Theory of Mind in Eating Disorders and Their Relationship to Clinical Profile
Article first published online: 26 JUL 2013
Copyright © 2013 John Wiley & Sons, Ltd and Eating Disorders Association.
European Eating Disorders Review
Special Issue: BRAIN-DIRECTED TREATMENTS IN EATING DISORDERS
Volume 21, Issue 6, pages 479–487, November 2013
How to Cite
Tapajóz Pereira de Sampaio, F., Soneira, S., Aulicino, A. and Allegri, R. F. (2013), Theory of Mind in Eating Disorders and Their Relationship to Clinical Profile. Eur. Eat. Disorders Rev., 21: 479–487. doi: 10.1002/erv.2247
- Issue published online: 24 OCT 2013
- Article first published online: 26 JUL 2013
- Manuscript Accepted: 3 JUL 2013
- Manuscript Revised: 18 JUN 2013
- Manuscript Received: 7 JAN 2013
- theory of mind;
- social cognition;
- clinical profile
This study aimed to assess cognitive and affective theory of mind (ToM) in patients with eating disorders and to explore its relationship with the clinical and psychopathological profile.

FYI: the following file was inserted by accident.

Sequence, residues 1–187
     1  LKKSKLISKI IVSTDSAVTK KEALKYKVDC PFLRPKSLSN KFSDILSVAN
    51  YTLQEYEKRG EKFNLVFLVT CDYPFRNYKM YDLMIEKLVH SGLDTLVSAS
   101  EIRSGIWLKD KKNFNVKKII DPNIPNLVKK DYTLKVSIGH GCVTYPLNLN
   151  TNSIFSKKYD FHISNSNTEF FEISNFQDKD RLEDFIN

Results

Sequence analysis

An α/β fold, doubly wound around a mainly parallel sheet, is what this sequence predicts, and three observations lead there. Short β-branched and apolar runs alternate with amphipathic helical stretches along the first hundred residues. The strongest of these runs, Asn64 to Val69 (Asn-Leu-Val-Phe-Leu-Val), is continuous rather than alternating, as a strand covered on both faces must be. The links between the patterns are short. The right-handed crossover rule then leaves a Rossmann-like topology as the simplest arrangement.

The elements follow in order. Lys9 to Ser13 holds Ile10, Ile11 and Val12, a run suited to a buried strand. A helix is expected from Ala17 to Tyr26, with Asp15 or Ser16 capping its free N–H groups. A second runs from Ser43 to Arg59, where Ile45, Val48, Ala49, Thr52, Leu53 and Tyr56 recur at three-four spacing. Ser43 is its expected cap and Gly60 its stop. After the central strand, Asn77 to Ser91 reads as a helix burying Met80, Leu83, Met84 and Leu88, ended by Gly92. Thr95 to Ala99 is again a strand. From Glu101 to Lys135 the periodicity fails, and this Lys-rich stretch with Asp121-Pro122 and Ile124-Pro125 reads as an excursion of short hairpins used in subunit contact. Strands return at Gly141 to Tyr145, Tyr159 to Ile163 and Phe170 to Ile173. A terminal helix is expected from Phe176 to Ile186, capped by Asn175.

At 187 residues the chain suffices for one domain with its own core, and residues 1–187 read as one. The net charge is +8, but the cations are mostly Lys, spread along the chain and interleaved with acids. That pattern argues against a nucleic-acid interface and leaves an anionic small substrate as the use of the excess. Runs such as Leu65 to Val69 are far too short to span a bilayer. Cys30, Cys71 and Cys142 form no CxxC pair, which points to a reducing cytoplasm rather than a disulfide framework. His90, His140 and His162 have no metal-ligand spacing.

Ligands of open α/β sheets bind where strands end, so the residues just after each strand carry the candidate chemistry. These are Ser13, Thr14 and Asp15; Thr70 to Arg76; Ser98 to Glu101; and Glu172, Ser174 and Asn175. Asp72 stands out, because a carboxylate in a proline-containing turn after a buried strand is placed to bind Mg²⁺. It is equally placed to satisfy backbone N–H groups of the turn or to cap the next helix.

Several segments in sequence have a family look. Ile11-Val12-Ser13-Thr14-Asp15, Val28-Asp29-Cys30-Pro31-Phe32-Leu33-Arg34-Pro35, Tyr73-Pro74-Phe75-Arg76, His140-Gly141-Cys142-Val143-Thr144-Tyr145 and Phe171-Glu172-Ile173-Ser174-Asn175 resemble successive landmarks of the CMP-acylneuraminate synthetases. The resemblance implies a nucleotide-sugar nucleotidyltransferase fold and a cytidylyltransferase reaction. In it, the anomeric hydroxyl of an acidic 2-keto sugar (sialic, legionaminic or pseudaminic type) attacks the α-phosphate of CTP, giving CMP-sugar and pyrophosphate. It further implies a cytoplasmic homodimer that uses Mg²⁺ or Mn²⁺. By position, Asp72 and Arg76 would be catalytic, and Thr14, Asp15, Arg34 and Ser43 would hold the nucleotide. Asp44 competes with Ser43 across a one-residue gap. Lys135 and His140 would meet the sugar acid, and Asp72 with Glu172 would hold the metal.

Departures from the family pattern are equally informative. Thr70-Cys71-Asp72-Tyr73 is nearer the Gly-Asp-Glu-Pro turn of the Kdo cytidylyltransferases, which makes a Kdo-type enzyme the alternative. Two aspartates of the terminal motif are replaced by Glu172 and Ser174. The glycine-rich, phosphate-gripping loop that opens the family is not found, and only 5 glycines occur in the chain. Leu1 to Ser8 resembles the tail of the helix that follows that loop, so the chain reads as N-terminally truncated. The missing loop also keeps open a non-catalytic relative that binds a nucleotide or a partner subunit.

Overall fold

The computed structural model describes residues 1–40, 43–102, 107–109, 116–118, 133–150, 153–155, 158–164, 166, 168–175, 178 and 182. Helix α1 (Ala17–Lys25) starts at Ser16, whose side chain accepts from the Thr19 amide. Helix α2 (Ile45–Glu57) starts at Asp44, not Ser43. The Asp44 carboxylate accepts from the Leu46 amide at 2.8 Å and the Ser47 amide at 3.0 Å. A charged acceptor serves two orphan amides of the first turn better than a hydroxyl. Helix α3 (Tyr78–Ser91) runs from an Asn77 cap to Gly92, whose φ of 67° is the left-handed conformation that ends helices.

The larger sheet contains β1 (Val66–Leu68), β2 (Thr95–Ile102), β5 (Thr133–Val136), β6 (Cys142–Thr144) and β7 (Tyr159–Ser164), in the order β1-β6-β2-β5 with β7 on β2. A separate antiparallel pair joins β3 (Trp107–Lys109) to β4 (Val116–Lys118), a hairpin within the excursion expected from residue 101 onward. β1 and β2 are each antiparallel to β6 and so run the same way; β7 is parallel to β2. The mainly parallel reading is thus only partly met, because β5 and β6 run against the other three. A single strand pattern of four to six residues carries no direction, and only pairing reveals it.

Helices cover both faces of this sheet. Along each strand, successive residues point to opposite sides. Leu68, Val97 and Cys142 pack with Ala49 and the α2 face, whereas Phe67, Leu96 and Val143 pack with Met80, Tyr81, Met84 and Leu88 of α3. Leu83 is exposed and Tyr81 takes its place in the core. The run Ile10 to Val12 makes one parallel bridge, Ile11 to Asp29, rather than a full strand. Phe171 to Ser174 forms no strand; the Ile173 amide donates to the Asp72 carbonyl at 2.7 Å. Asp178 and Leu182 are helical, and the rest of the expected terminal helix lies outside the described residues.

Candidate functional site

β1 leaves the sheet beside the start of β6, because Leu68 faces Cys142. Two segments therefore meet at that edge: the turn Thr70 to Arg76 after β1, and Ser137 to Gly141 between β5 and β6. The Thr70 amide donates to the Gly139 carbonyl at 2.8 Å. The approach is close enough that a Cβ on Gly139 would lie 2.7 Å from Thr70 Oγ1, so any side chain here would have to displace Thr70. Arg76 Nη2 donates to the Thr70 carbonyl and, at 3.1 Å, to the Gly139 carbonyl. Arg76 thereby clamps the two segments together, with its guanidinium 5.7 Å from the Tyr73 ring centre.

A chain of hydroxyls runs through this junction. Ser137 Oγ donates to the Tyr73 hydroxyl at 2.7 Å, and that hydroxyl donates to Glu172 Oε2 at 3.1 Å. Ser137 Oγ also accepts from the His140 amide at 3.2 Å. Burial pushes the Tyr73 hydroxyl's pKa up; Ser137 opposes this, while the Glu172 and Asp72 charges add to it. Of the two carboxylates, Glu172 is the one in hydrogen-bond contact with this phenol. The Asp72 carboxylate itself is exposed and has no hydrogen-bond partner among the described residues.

Theory of mind was assessed in 65 women, consisting of 22 with anorexia nervosa (AN), 19 with bulimia nervosa (BN), and 24 healthy controls (HC), using the Reading the Mind in the Eyes Test and the Faux Pas Test. These tasks evaluate affective and cognitive ToM, respectively. We also examined the correlations between performance on ToM tasks and the clinical psychopathological profile, which was extensively evaluated through self-report instruments and clinical interviews.
Patients with AN had poorer performance than BN patients and HCs had in the affective ToM task, particularly in recognizing negative emotions and emotions in male eyes. Moreover, this deficit showed no correlation with the psychopathological profile. Performance in the BN group was equivalent to that of HCs in both tasks.
In this study, patients with AN showed an impairment in affective ToM, independent of their clinical status. Consistent with other studies, our findings demonstrate a specific difficulty in social cognition in patients with AN. This may be a trait marker in this population and should be considered in treatment. Furthermore, patients with AN and BN have different difficulty profiles in this domain of social cognition. Copyright © 2013 John Wiley & Sons, Ltd and Eating Disorders Association.